Is Leadership Only Needed in Times of Crisis?

By | February 9, 2015

[February 09, 2015] After the Islamic terrorist attacks on September 11, 2001, the city of New York was fortunate to have many leaders who acted quickly to help the city recover. I’ve been asked repeatedly over the past few years whether leadership in peacetime/calm is truly necessary. They ask whether or not leadership is only needed in times of crisis?1 

“When written in Chinese, the word ‘crisis’ is composed of two characters. One represents danger and the other represents opportunity.” – John F. Kennedy

The short answer to the question is rather obvious to any leader. Leadership is always needed but a crisis generates an extraordinary need for a leader – one who can see beyond the confusion and motivate people to move in the right direction. Two examples: New York City mayor Rudy Giuliani took the right steps after the terrorist attacks and is an example of leadership in crisis.2 We all remember from our history lessons that Prime Minister Winston Churchill guided the United Kingdom through World War II during their “darkest hour.”3

Regardless of how anyone views a crisis, all crises have the elements of both danger and opportunity. John F. Kennedy’s quote was part of a speech on April 12, 1959 when he spoke to the United Negro Fund. He was speaking about the competition between the United States and the Soviet Union, the racial integration of schools, and challenges facing the international community. In the speech (which can be accessed here) he talked about how leaders could use such crises to better humankind.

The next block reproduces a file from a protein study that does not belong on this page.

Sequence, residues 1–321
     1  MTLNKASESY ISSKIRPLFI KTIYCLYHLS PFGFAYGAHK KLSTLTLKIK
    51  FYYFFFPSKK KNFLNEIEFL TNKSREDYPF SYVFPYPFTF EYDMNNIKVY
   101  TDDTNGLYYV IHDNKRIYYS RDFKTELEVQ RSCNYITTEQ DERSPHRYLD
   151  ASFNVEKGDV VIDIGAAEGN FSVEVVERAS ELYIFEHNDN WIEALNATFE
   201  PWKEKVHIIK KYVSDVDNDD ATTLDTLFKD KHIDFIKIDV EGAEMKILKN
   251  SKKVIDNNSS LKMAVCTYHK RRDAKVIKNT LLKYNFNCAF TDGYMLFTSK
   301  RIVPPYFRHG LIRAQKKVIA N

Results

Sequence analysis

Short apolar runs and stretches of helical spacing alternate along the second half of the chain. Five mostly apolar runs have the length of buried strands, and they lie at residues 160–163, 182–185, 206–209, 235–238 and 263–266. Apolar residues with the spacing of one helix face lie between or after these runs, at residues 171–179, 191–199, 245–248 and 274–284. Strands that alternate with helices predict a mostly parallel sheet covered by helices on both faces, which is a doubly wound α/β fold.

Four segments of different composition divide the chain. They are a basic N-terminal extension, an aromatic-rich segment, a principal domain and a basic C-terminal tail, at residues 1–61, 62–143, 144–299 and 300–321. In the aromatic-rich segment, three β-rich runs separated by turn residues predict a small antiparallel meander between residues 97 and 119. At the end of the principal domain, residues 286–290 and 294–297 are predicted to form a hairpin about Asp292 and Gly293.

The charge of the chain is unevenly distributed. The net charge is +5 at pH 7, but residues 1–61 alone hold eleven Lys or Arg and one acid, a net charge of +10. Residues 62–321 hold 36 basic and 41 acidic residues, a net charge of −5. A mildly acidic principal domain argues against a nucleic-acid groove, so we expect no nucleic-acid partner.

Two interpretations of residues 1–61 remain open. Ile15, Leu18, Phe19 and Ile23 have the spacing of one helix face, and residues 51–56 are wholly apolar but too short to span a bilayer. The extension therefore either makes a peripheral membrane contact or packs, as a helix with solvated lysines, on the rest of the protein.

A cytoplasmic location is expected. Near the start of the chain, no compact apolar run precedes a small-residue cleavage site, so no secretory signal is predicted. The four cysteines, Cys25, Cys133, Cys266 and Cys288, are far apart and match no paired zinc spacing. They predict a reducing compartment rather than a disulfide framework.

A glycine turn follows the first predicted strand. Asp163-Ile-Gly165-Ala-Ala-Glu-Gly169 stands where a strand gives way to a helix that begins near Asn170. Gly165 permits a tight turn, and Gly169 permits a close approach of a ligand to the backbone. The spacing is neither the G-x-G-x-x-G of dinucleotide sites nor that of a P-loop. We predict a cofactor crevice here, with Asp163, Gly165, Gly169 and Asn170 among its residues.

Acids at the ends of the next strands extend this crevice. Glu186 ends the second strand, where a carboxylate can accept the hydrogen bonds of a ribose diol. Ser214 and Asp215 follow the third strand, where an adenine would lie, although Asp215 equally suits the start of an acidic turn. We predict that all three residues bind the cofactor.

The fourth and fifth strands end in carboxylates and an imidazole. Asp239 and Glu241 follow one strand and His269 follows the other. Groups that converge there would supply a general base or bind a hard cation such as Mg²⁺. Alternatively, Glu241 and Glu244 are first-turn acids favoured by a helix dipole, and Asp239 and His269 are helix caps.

Ultimately the purpose of leadership is the advancement of a person, a team, a country – a chance to accomplish something important – is an opportunity. A crisis also brings increased risks, uncertainty, volatility, and complexity to a point that failure has highly unfortunate results … in short, danger. Leaders meld these together for either good or bad. In times of crisis, leadership is of the upmost importance but it will always be needed.

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[1] Economic collapse, world war, famine, and fatal epidemics are all examples of crises. Some define the concept of crisis as being any inconvenience like a bee sting, running out of gasoline, and even a shortage of red lipstick. For the purposes here, crisis takes on the more robust definition.




Author: Douglas R. Satterfield

Hello. I'm Doug and I provide at least one article every day on some leadership topic. I welcome comments and also guests who would like to write an article. Thanks for reading my blog.

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